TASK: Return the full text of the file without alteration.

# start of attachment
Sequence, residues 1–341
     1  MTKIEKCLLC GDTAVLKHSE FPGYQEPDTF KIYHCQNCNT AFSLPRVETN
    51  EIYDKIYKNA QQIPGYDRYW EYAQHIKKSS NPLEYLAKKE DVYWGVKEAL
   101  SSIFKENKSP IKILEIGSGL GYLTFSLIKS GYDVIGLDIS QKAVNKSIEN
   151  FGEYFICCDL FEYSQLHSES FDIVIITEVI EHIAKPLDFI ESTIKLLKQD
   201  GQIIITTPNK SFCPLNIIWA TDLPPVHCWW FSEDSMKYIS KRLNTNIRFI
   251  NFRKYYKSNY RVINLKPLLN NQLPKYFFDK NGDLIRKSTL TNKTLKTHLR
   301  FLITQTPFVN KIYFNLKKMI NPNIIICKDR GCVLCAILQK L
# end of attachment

Sequence, residues 1–341
     1  MTKIEKCLLC GDTAVLKHSE FPGYQEPDTF KIYHCQNCNT AFSLPRVETN
    51  EIYDKIYKNA QQIPGYDRYW EYAQHIKKSS NPLEYLAKKE DVYWGVKEAL
   101  SSIFKENKSP IKILEIGSGL GYLTFSLIKS GYDVIGLDIS QKAVNKSIEN
   151  FGEYFICCDL FEYSQLHSES FDIVIITEVI EHIAKPLDFI ESTIKLLKQD
   201  GQIIITTPNK SFCPLNIIWA TDLPPVHCWW FSEDSMKYIS KRLNTNIRFI
   251  NFRKYYKSNY RVINLKPLLN NQLPKYFFDK NGDLIRKSTL TNKTLKTHLR
   301  FLITQTPFVN KIYFNLKKMI NPNIIICKDR GCVLCAILQK L